Inequality is the hot topic of the moment, not least since the publication in 2013 of Thomas Piketty’s own somewhat Marxist-sounding Capital in the Twenty-First Century. His latest book features a bright red cover and an almost Russian-style font; the anti-capitalist defiance appears evident. However, the notion that you should never judge a book by its cover has never been truer.
Rather than being an anti-capitalist diatribe, this book provides a relatively standard economic account of the causes of inequality and the policy options available to help address it. It is a supplement to (rather than a substitute for) Capital. Its key message is, be warned. While the inequality problem is pressing, we need to stop, look and listen before reacting. We should not even consider further policy responses until we have identified the sources of the problem.
According to one camp, inequality is “efficient”, resulting from individuals possessing different talents, productivities and work ethics, with market rewards differing accordingly. Here, inequality results from the virtuous workings of the free market, from the forces of supply and demand; forces that can change over time, meaning that inequality will not remain stable. The extent to which technological developments substitute for or complement skilled work, and the impact of trade on the demand for skills, are two such forces that economists have argued have acted to increase inequality in the past 30 years.
If one agrees with the free-market way of explaining inequality, then interfering with “market prices”, such as by introducing minimum wages at the bottom or wage ceilings for those at the top, would be inefficient and counterproductive. Higher minimum wages would serve only to reduce the demand for unskilled workers (causing unemployment), while limits on compensation for skilled workers would discourage younger people from becoming “skilled up”, something that should naturally help to lower inequality over time. Of course, this is not to say that inequality should not be actively reduced by government, but rather that this goal should be achieved through the tax and transfer system (such as through tax credits) instead of interfering more directly with the market.
For those with less faith in the market, there is another camp, one in which market failures rather than efficient market signals are responsible for inequality. Examples might be labour market discrimination, for which affirmative action (such as quota systems) would provide redress, and the monopsony power of employers, where workers face a single employer (or cartel of employers), for which the minimum wage can help to limit “exploitation”. Here, directly interfering with the market is precisely the right approach.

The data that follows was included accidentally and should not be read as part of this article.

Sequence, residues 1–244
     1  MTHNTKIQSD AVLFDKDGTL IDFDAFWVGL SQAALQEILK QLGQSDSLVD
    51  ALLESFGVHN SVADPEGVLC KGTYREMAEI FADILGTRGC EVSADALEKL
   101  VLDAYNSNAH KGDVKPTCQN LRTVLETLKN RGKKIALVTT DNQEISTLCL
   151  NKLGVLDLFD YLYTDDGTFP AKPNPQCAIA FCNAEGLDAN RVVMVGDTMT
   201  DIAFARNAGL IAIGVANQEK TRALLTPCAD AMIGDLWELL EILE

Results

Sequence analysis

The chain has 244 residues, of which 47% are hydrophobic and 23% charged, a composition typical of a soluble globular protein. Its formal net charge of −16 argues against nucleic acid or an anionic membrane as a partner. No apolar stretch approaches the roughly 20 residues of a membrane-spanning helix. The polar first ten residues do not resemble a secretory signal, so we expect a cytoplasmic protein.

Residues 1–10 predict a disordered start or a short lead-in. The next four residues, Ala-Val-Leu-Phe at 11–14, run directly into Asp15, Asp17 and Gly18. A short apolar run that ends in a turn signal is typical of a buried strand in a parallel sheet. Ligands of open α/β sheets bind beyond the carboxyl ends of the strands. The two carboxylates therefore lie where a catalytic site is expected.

This discussion might all seem rather “textbook”, and it appears in a book first published 18 years ago in French and which Piketty admits has not received much updating in this English translation (making Tony Atkinson’s Inequality: What Can be Done? a more worthwhile investment). But it is, nevertheless, eerily well timed for the UK market. Combine the theory with a little knowledge of George Osborne’s recent Budget, and it serves to emphasise a major shift in the British Conservative Party: away from the kinds of inequality-reducing policies associated with the free market view of inequality (including tax credits) and towards those associated with the opposing market failure view of inequality (such as a higher minimum – or “living” – wage).
So, either the Conservatives are detaching themselves from their Thatcherite past and jumping to the Left, or they have come to recognise that inequality is multifaceted. As Piketty himself concludes, it would be “misleading or counterproductive” to see inequality as purely the result of either free market forces or of market failures. The reality is that there is no magic bullet. Inequality demands an eclectic response – and one that breaks through the political boundaries of the past century. The future is, unlike the front cover of this book, a mix of red and blue. The future is purple.
Victoria Bateman is fellow and director of studies in economics at Gonville and Caius College, Cambridge, fellow of the Legatum Institute, London, and author of Markets and Growth in Early Modern Europe (2012).
The Economics of Inequality
By Thomas Piketty, translated by Arthur Goldhammer
Harvard University Press, 160pp, £16.95
Published 3 August 2015